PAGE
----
was a big story iu it. I didu't know
your tather was involved in this at
first I just followed the path, and
when 1 saw where it was leading me
I wanted to turn back because ot you.
but I couldn't." Qe stopped for a mo
ment, then went on: "No, no. 1 could
"But it isu't loyal of you." was her
response. "It wasu't like you—to at-
wrote it. Judith,1' he announced.
tack him suddenly in tbis way. It's
almost as if you struck bim from be
hind. And do you not see, Wheeler,
that you are hurting me as much as
you injure him? I am bis daughter,
Wheeler, and if you ruin my father
you will ruin me."
She covered ber face with her hands,
and ber bosom beaved convulsively in
the girl, and, above his own
misery rose his sympathy and
thought for her whom he
longed tQ eomfort, for tbe girl of bis
ctyofce. whom duty said be must cause
to suffer. He yearned to take ber in
his arms and wipe away tbe tears, but
be knew that she would repulse him.
He throbbed witb tbe desire to prove
to ber bis love by assuring ber that
tbe attack on ber father was ended—
but bis duty whispered. "No."
And to himself be repeated) tbe "No."
For be must go on, aw) she must en
dure, and the j,udge must pay the price.
The voice of an outraged people bad
spoken through the pen of Wheeler
jftrand, and be was one of those men
strong enough to refuse to take tbe
price of silence.
He led tbe girl be loved to a chah\
even as she sobbed and whispered.
"Wheeler. Wheeler. Wheeler," endear
ingly from her heart's depths. Brand
looked down on ber with a world ot
sadness in bis eyes. He well knew,
and the world would soou know, tbat
those who sit in the high places .must
pay the penalty for sin, even as tbe
lowliest among us wbo more blindly
Judith Bartelmy had been long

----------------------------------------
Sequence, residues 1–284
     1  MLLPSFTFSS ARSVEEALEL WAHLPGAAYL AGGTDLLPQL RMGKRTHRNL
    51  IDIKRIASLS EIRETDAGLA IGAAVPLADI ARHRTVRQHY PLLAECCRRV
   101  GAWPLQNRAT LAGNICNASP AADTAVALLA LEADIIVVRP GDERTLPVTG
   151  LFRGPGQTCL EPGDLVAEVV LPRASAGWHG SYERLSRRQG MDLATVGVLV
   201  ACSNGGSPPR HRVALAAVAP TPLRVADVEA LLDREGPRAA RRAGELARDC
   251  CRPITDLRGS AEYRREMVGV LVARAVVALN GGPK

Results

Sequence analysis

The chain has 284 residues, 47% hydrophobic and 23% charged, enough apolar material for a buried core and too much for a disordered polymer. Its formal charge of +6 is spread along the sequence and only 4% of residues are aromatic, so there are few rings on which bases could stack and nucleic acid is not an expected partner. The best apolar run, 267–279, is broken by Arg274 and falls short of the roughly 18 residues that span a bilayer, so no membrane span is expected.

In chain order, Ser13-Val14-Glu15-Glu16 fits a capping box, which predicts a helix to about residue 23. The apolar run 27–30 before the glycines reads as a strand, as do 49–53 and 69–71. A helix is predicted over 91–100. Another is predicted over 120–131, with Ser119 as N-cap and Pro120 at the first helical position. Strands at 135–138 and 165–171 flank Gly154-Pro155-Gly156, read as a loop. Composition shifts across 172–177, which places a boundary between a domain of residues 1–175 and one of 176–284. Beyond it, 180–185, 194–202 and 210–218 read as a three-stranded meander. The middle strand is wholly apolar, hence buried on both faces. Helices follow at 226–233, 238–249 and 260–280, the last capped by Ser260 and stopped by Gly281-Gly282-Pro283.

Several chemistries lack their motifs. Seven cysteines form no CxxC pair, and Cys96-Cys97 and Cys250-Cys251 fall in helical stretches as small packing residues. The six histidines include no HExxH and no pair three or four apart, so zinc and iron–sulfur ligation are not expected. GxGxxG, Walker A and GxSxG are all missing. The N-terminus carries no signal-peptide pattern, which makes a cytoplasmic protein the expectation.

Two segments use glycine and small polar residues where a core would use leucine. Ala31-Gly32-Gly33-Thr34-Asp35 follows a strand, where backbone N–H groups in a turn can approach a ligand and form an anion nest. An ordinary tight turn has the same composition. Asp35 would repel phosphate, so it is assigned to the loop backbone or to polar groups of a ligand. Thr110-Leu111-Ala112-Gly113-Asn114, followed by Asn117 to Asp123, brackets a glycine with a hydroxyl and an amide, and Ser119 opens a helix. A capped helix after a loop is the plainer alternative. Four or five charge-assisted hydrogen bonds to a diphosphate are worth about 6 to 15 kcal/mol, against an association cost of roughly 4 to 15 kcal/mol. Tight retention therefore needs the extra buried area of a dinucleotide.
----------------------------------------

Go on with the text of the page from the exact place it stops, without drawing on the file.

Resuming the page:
enough ,in society to learn the art ot
the control and the concealment of
emotions under many trying circum
stances. Probably in any other situa
tion than in one where her father
and the man she loved were so deeply
concerned, as in tbe present, she
would have been able to retain a larger
degree of self composure. Several
minutes passed before she was able
to speak in evenly balanced tones.
"Wheeler," she finally said, "If any
one bad told me that you would or
[Continued to La*t Page-1
Store open evenings
Kandiyohi, Dec. 20—Mrs. J. S.
Carlson returned to Dassel last
Wednesday, after a three weeks
stay at the home of her son-in-law,
A C. Gabrielson made a business
trip to Willmar Thursday.
Willie Chalberg went up to Will
mar Friday to spend a few days
Mrs. James Peterson of Atwater
has been a guest at the C. F. An
derson home for a few days.
Harold Cederstrom came up from
Minneapolis Friday to spend Christ
mas at his home.
Miss Dora* Johnson has been
dressmaking at the Gustafson home
the past week.
Elmer Johnson of Svea was here
last week looking over the telephone
lines in this locality.
August Lundquist attended to
business affairs in Litchfield Satur
Henry Redy was given a surprise
party last Friday by a number of
his young friends.
Dan Murray of Willmar was in
Kandiyohi on business last Thurs
Florence Peterson, who is attend
ing school in Atwater, spent Satur
day and Sunday at her home.
John Ostling and Charley Fors
man were in Willmar on business